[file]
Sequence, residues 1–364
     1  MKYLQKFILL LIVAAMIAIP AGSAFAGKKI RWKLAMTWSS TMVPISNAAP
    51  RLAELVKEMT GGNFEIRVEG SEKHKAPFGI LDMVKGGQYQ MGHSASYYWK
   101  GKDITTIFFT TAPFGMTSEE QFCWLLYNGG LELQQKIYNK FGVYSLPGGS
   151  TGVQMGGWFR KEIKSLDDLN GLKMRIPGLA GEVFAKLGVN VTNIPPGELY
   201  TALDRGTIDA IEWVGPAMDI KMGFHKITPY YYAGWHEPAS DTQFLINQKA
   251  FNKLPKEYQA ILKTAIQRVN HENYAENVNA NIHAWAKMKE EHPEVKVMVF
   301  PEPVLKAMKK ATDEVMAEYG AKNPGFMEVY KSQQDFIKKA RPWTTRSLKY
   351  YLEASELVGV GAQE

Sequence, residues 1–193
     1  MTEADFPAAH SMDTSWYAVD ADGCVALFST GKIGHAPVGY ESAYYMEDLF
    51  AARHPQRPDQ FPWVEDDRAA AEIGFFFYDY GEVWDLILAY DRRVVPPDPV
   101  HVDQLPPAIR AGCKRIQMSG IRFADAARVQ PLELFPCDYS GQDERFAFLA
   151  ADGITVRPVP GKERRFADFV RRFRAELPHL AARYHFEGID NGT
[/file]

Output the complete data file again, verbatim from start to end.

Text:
Sequence, residues 1–364
     1  MKYLQKFILL LIVAAMIAIP AGSAFAGKKI RWKLAMTWSS TMVPISNAAP
    51  RLAELVKEMT GGNFEIRVEG SEKHKAPFGI LDMVKGGQYQ MGHSASYYWK
   101  GKDITTIFFT TAPFGMTSEE QFCWLLYNGG LELQQKIYNK FGVYSLPGGS
   151  TGVQMGGWFR KEIKSLDDLN GLKMRIPGLA GEVFAKLGVN VTNIPPGELY
   201  TALDRGTIDA IEWVGPAMDI KMGFHKITPY YYAGWHEPAS DTQFLINQKA
   251  FNKLPKEYQA ILKTAIQRVN HENYAENVNA NIHAWAKMKE EHPEVKVMVF
   301  PEPVLKAMKK ATDEVMAEYG AKNPGFMEVY KSQQDFIKKA RPWTTRSLKY
   351  YLEASELVGV GAQE

Sequence, residues 1–193
     1  MTEADFPAAH SMDTSWYAVD ADGCVALFST GKIGHAPVGY ESAYYMEDLF
    51  AARHPQRPDQ FPWVEDDRAA AEIGFFFYDY GEVWDLILAY DRRVVPPDPV
   101  HVDQLPPAIR AGCKRIQMSG IRFADAARVQ PLELFPCDYS GQDERFAFLA
   151  ADGITVRPVP GKERRFADFV RRFRAELPHL AARYHFEGID NGT